While this year’s influenza season is milder than 2018, there’s still a threat of cases increasing.
Today, flu activity is reported to be widespread in 48 states according to the CDC. While a milder strain has been the most common cause of flu diagnoses this season, 60 percent of flu virus samples in the last week were tied to a more serious strain. To add insult to injury, health experts warn this flu season could hang around until May.
The onset of a sore throat, body and muscle aches, a runny nose, and even a fever could be a sign you’re coming down with the flu. Which leads to the question, how sick is too sick for work?
One of our providers in San Francisco, Dr. A.K. Misra, board-certified in sports and internal medicine, shares his tips for determining whether it’s a good idea to go to work when you don’t feel well.
When is it OK to go to work sick? When is it better to stay home?
Dr. Misra: This is a tough call, and good judgment is paramount. First, listen to your body. Generally speaking, if something is not severe, you can likely take care of yourself through rest, hydration, and perhaps some over-the-counter medication. However, if your symptoms are rapidly getting worse, as they tend to in cases of the flu or pneumonia, you should see a medical professional for a comprehensive evaluation to slow down the progression and treat it correctly.
As for going to work with a minor illness, it is essential to keep your distance from coworkers and wash your hands frequently to avoid the spread of germs. If you truly feel ill, whether or not you’ve been diagnosed with something serious, stay home and rest. That is why many employers provide sick days.
Should you stay home even if it’s just a common cold?
Dr. Misra: It is important to first identify the simple signs and symptoms of a cold versus the flu. This is the most common mistake well-intentioned people make. The table below from the CDC contains information that I commonly share with patients to educate them about what they are experiencing.
A cold is less problematic, but someone with the flu should be seen by a provider as soon as possible because it can be lethal. Even in instances where the flu is not fatal, it can cause significant complications if it is not treated promptly. A cold is something you can typically manage through self-care and still go to work. I do not recommend the same for the flu because it is extremely contagious.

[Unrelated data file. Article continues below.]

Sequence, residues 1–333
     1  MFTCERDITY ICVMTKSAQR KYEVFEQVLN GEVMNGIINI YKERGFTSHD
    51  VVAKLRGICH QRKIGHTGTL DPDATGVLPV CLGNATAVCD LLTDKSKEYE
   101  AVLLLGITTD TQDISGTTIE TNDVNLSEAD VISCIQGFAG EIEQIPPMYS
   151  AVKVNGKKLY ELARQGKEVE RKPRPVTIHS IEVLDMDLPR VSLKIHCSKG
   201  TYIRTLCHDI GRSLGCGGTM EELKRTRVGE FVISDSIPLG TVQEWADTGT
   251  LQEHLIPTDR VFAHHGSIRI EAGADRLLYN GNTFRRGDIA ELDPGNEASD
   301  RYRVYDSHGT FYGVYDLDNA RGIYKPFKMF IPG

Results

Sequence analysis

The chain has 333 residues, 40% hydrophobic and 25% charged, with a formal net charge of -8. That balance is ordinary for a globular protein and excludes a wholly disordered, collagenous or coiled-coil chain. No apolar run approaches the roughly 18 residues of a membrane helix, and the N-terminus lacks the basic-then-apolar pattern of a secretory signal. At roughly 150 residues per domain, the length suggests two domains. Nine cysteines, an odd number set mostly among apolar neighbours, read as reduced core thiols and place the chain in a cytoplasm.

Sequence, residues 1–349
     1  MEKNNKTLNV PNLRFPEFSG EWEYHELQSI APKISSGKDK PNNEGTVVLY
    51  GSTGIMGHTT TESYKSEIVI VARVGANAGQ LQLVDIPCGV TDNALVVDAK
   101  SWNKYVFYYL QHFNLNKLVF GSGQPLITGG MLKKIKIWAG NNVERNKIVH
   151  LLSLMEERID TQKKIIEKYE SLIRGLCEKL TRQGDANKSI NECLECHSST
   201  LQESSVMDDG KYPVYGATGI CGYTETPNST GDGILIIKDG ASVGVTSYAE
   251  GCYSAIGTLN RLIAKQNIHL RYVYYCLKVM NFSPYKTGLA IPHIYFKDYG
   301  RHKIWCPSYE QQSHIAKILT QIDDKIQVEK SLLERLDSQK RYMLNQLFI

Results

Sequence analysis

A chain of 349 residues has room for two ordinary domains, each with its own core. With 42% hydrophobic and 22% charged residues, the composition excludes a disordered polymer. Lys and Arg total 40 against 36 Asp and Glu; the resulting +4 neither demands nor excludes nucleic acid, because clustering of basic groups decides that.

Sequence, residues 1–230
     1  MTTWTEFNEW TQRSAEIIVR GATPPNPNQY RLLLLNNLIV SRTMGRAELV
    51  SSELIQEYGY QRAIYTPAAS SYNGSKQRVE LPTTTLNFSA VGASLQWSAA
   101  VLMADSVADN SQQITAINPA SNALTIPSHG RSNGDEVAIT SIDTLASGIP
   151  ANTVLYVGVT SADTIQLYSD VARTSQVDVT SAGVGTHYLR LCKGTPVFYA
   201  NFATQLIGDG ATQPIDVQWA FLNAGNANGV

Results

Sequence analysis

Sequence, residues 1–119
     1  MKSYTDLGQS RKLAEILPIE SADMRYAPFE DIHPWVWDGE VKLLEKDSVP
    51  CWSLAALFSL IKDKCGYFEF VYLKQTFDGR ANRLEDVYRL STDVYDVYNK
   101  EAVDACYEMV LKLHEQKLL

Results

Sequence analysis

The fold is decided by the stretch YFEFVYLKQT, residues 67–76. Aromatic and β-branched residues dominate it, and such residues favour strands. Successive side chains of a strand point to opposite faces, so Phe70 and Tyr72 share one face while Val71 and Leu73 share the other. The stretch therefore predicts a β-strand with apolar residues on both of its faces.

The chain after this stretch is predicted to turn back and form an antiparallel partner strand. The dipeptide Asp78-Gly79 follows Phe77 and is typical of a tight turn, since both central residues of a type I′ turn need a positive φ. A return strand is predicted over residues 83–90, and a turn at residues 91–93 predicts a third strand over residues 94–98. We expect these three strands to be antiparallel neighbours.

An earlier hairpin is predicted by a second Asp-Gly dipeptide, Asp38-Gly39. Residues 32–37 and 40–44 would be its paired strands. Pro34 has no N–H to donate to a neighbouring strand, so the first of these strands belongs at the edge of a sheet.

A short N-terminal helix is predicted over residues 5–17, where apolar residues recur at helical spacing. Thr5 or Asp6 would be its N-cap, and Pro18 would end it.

For example, in sports medicine, if a player on a team has influenza, that individual is often quarantined to avoid infecting other players on the team. That same risk applies to the workplace, whether you work in a social job or closed-office environment.
What are some ways I can prevent the spread of germs at my office if I go to work while I’m sick?
Dr. Misra: Precautions, such as washing your hands regularly and covering your mouth before coughing or sneezing, are best to reduce the spread of harmful viruses and germs. Additionally, avoid contact with others as much as possible. Try to keep to yourself more than usual and stay in your space unless you need to get up for water or a restroom break. In addition, avoid touching the water cooler or refrigerator, and wipe down any shared surfaces after touching them. If you have an office with a door, consider keeping it closed and letting co-workers know that you’re fighting through a cold.
What can an employer do to ensure illness isn’t spread at work?
Dr. Misra: Employers should emphasize the precautions I mentioned above, posting them in as many visible places as possible. Organizations should pay special attention to these health precautions from fall to the end of winter, which is peak flu season. It is pivotal to educate the work force about when to seek medical attention, as well as to provide helpful resources, such as the CDC website, for employees to learn more about protecting themselves. Employers should also encourage employees to get the flu vaccination during the season. This year’s flu shot has proven to be more effective, and it’s not too late to get vaccinated. As the old saying goes, “An ounce of prevention is worth more than a pound of cure.”